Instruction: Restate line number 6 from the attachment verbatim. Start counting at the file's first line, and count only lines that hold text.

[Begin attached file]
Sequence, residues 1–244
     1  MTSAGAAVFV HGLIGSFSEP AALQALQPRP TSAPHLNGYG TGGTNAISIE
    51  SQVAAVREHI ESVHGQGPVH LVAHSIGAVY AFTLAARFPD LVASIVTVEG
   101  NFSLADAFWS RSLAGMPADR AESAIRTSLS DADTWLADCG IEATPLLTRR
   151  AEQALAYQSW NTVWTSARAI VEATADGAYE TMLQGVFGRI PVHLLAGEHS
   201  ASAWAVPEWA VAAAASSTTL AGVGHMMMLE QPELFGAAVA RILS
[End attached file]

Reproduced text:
   201  ASAWAVPEWA VAAAASSTTL AGVGHMMMLE QPELFGAAVA RILS